The upcoming Water Framework Directive is forcing
companies to gaze deeply into their crystal balls to prepare for AMP5, believes Watson Marlow
Now the dust of the AMP4 has settled, water and sewerage companies have begun making plans to maintain, upgrade and develop their asset base over the next five years.
It is probably true to say that uncertainty and risk have played a greater role than in any of the previous AMP planning processes - a trend that is now set to continue for some considerable time.
The previously risk-averse water and sewerage companies now have to build risk and uncertainty into their planning, investment and business processes. However, while they have a greater ability to understand their asset base and analyse data to make more informed predictions, two issues in particular are currently turning this into crystal-ball gazing. These are the upcoming Water Framework Directive (WFD) and the wildcard of climate change.
Water companies are already taking climate change into account, with various scenarios forming a key part of AMP business-plan submissions to the water industry regulator, Ofwat, and the long-term water resources planning process. However, despite the fact that the WFD (likely to be the most significant piece of legislation ever to impact on the sector) is now looming large, Ofwat did not allow any WFD-related expenditure in AMP4.
It is clear that AMP5 will have to address this but if, as in previous planning rounds, draft business plans have to be in by March 2008, this only leaves a relatively short period of time to quantify the impact of WFD on their business operations. Some serious crystal-ball gazing will be necessary if the sector is to adequately plan to meet
its likely requirements.
One of the key areas of concern is the directive's aim of reducing or phasing out emissions of Priority Hazardous Substances (PHS) and Priority Substances (PS) that enter WwTWs.
The WFD establishes a list of priority substances, 33 of which have been shown to be of major concern to European waters, requiring environmental quality standards and emissions controls. Within this list, 11 have been identified as priority hazardous substances to be subject to cessation or phasing out of discharges, emissions and
losses within a maximum of 20 years. Another 14 are candidates for consideration as priority hazardous and are subject to further scrutiny.
At the moment, there are considerable variations on cost estimates for the further treatment required. The Department for Environment, Food and Rural Affairs (DEFRA), for example, quotes a figure of between £450M and £630M per annum. A UK Water Industry Research study suggests, however, that extra treatment for the removal of priority substances would be required at half of all WwTWs in England and Wales at a cost of some £6B. This would be on top of the £7B Ofwat says should be invested in maintaining and improving sewerage in 2005-10.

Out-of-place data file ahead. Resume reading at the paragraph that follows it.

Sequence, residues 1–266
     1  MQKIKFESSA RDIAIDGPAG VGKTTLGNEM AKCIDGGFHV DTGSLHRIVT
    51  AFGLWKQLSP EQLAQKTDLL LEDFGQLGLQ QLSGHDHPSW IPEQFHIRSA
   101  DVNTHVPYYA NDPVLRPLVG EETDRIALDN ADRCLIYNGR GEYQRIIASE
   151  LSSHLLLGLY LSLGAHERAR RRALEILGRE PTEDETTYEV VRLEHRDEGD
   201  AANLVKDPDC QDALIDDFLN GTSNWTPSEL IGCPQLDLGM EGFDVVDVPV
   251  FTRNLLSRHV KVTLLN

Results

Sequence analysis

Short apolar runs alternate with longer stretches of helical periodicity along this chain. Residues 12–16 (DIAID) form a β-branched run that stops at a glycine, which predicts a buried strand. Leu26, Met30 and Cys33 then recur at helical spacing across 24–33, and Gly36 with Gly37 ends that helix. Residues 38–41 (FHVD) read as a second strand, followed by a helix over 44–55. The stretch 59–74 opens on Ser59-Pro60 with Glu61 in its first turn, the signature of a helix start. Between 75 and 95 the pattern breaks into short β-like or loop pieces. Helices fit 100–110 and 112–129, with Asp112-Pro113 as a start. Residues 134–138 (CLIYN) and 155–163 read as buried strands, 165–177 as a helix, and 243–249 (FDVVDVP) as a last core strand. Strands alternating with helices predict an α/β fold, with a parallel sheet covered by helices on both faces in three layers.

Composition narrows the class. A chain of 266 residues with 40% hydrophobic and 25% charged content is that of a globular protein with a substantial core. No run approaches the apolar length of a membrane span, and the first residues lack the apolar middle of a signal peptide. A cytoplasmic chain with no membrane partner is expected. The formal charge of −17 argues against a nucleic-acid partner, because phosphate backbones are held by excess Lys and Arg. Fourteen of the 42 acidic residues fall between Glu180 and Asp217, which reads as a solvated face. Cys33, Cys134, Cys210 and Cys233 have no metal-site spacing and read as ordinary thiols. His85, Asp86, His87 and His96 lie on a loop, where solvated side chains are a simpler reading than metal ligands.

Given that achieving the proposed stringent standards for the PHS and PS in the sewage-effluent discharges is likely to require huge investment at WwTWs, running into billions of pounds for the water industry, water companies are being urged to take action now by reviewing their waste water treatment systems.
Key to this process will be the extent to which the water and sewerage companies can future-proof their existing wastewater treatment systems. But is it possible in practical terms to future-proof complex systems in such a way to cope with as yet unspecified requirements?
In one key area, the wider opportunities offered by an existing process are increasingly being viewed in the light of its significant future-proofing capabilities.
The WFD may well require water companies to look at additional
dosing systems for other priority substances. This is an area where
peristaltic pumping technology is now being seen by a growing number of water and sewerage companies as not only ideally suited to meeting existing legislative and quality requirements but also capable of meeting potentially major additional WFD requirements.
Peristaltic pumps are already used for a wide range of applications in WwTWs and WTWs - for example, dosing and metering ferric chloride to ensure phosphorus removal (meeting Habitats Directive requirements), sampling raw water and final potable water, and transfer of settled sludge.
Philip Bolton, from pump manufacturer Watson-Marlow Bredel, says a growing number of water companies are approaching them to discuss how they can incorporate the technology in their wastewater treatment. According to Bolton, peristaltic technology provides water and sewerage companies with a future-proofing process which no other pumping technology is currently capable of delivering.
"Peristaltics are ideally suited to WwTWs - they can cope with harsh environments and corrosive materials. They are also outstandingly accurate, delivering a teaspoonful of chemicals or a tanker-load and at variable rates. The key benefit is its flexibility. The Watson-Marlow Bredel 520 series, for example, enables operators to use up to eight different diameters of tubing in one pump.
"It's like having eight different pumps in one. Add in the ability to cope with a flow range from 3000:1, and you've got a system that can cope with significant increases without any need to upgrade, let alone replace or retrofit."
DEFRA guidance on PRO4 stated that it would expect companies to "consider whether current solutions can be designed to facilitate later upgrading to meet any changes that can be reasonably anticipated". As the water and sewerage companies get closer to the realities of implementing the WFD, they will increasingly be looking for this level of future-proofing capabilities across a wide range of technologies.
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